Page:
I would say so, although to be fair, to call them "Boomerish ideas" is only valid from our latter-time point of view. It was Silents (especially Boomer cuspers, but not limited to them) who created a lot of the ideas, movements and arts that the Boomers latched on to, were inspired by, and further developed.
"I close my eyes, and I can see a better day" -- Justin Bieber

Keep the spirit alive;
Eric M
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#14
(01-01-2019, 01:06 PM)Bill the Piper Wrote:
(01-01-2019, 08:23 AM)pbrower2a Wrote: Kaczynski had problems perhaps related to an early disease that by some accounts gave him a flawed character that had much latent anger and no ability to love. He was good at math and a loser at all else.

High IQ, but low EQ?

I still find his analysis of Leftist psychology and the "power process" quite illuminating.

It sounds like a meeting of autism and sociopathy.

I am on the spectrum, and I know that I can't get away with much.

That he got a few things right in his "Unabom Manifesto"? A broken clock is right every twelve hours. Note also that there was and still is much hostility between leftist factions. The Trotskyites and Maoists would be at each others' throats. The Hard Left seems far more splintered than the Hard Right, the Hard Right being much more syncretic. I have seen people in KKK robes -- with Nazi swastikas. An organization called Crosstar unwittingly used the symbol of the WWII-era, Nazi-like Hungarian Arrow Cross Movement, took note of it, and took pride in the connection to a Jew-butchering gang. The Greek Golden Dawn thugs have adopted the Nazi Horst-Wessel-Lied, even if Nazi occupation of Greece was so harsh that the Greeks would have welcomed the Turks as liberators. There is no possible synthesis between Tito and Castro. The concept of human brotherhood does not apply to extremists except in shared hatred -- and then within the fascistic Right (blacks, Jews, liberals, social democrats, Communists, homosexuals, feminists, organized labor).

Ted Kaczynski went so far to the Left that he took on extreme-Right characteristics.
The ideal subject of totalitarian rule is not the convinced Nazi or the dedicated Communist  but instead the people for whom the distinction between fact and fiction, true and false, no longer exists -- Hannah Arendt.


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#15
(01-01-2019, 03:03 PM)Eric the Green Wrote: I would say so, although to be fair, to call them "Boomerish ideas" is only valid from our latter-time point of view. It was Silents (especially Boomer cuspers, but not limited to them) who created a lot of the ideas, movements and arts that the Boomers latched on to, were inspired by, and further developed.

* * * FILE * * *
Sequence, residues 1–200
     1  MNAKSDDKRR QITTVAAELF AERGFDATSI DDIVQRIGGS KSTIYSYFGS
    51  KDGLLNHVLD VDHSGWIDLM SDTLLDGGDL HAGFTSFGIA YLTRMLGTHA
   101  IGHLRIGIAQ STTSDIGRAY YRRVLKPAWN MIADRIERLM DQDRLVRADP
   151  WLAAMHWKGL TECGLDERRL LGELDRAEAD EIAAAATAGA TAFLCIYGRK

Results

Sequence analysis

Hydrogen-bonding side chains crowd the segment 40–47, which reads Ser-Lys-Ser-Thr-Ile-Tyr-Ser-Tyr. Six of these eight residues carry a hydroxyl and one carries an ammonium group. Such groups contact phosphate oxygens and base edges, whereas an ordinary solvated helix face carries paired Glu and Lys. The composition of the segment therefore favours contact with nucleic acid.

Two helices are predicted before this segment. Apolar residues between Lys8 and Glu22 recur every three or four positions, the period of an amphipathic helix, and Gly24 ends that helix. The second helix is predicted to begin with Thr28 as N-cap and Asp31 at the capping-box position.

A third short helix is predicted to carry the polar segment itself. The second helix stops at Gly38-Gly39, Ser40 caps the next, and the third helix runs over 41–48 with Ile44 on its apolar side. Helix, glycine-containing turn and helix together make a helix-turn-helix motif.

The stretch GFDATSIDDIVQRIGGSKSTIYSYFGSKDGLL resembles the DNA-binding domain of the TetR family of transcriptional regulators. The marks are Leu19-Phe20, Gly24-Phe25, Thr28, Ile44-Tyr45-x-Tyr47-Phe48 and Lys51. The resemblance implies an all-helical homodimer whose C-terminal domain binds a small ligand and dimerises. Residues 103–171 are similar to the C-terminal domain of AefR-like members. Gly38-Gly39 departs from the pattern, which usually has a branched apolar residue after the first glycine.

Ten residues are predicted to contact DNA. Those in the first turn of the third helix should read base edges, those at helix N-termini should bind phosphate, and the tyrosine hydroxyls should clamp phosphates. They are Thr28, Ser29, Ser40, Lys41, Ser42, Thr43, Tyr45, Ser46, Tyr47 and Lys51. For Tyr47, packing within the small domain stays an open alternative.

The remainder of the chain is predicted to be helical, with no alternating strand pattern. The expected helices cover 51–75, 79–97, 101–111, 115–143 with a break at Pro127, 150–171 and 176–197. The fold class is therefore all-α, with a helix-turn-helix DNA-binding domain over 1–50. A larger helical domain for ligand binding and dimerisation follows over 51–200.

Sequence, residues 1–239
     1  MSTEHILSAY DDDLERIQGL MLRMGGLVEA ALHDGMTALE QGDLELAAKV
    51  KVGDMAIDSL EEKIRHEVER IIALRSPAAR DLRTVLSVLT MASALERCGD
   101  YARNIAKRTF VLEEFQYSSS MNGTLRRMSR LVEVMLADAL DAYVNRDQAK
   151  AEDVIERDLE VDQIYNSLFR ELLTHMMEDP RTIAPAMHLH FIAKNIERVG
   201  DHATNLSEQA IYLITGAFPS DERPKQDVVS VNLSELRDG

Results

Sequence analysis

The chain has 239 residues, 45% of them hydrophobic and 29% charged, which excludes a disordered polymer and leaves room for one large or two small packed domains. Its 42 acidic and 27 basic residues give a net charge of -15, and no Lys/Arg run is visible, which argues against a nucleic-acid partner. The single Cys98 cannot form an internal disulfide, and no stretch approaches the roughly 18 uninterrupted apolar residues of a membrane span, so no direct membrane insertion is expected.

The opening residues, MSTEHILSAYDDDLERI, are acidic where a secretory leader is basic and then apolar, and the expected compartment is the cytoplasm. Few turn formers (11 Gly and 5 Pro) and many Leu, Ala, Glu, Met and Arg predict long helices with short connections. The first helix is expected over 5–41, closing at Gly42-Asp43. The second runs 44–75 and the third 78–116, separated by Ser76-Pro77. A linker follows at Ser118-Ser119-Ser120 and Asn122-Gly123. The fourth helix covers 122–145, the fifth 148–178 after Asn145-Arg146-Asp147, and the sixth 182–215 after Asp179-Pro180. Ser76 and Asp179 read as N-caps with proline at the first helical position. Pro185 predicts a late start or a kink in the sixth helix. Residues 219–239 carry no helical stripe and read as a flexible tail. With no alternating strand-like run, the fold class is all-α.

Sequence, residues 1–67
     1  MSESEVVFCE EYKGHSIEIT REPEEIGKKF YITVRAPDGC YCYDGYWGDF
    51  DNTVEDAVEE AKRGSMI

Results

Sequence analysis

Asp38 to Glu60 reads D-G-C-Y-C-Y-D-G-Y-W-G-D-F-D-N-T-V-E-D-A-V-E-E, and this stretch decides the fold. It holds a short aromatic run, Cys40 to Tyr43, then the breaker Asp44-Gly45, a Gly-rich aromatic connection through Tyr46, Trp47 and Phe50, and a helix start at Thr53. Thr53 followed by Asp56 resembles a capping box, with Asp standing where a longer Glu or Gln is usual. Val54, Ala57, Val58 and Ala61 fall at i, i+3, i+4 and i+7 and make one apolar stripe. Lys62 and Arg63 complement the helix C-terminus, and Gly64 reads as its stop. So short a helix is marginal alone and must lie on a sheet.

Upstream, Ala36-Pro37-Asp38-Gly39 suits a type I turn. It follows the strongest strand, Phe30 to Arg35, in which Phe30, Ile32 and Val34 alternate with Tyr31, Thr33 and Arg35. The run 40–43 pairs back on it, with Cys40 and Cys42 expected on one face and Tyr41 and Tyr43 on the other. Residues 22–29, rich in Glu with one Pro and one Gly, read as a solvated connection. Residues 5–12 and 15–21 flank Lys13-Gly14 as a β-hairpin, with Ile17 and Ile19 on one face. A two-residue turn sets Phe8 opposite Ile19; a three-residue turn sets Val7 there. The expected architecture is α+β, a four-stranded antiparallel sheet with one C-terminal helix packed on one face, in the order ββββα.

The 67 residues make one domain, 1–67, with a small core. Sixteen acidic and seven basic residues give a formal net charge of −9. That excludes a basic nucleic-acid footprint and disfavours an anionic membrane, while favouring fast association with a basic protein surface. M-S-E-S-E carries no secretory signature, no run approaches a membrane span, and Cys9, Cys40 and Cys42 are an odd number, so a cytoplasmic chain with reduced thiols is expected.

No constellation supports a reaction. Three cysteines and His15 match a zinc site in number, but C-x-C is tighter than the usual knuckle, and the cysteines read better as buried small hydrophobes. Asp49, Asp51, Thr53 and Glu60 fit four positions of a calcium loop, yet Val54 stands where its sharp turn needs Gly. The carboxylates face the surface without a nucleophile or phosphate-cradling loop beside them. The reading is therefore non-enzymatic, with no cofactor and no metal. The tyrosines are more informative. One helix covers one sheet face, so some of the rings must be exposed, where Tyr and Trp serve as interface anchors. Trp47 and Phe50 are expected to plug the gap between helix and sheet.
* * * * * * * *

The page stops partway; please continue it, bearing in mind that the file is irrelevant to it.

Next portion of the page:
I have also the impression that the stage for Counterculture was already prepared in the late 1940s.

One distinct characteristic of Counterculture is its distrust for science and technology. I've seen a late 40s poem that said something like "reason lead to Auschwitz". Sexual revolution? bikini was invented in 1946. Hindu-influenced mysticism? Zen started to be popular in California directly after WW2.

Going by this pattern, can we expect the iGen to prepare ground for the next Awakening in late 2020s?
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#16
It may be too late for Generation X to age into a Nomad/Civic hybrid. But could the Millenials become like the Progressive generation? If so, the generational constellation for the next 1T may be:

1. Xers as Lost like elders. Basically, Xers as classic aging-Nomads.

2. Millenials taking on an Adaptive role, but-like the Progressives-acting almost like a recessive Civic generation.

3. Proto-Prophets in their tender growing up years. Given the double rhythm, they will most likely become Apollo type Prophets.



The Boomers would all be in old age, and dying off rapidly. Silent survivors would be very old.
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#17
(01-02-2019, 01:11 PM)Tim Randal Walker Wrote: It may be too late for Generation X to age into a Nomad/Civic hybrid.  But could the Millenials become like the Progressive generation?  If so, the generational constellation for the next 1T may be:

1.  Xers as Lost like elders.  Basically, Xers as classic aging-Nomads.

2.  Millenials taking on an Adaptive role, but-like the Progressives-acting almost like a recessive Civic generation.

3. Proto-Prophets in their tender growing up years.  Given the double rhythm, they will most likely become Apollo type Prophets.



The Boomers would all be in old age, and dying off rapidly.  Silent survivors would be very old.

Wouldn't that constellation result in the awakening directly following the 4T? The iGeneration would turn prophetic, and a prophetic generation doesn't wait with the awakening until they are 40.
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#18
(01-02-2019, 06:07 AM)Bill the Piper Wrote: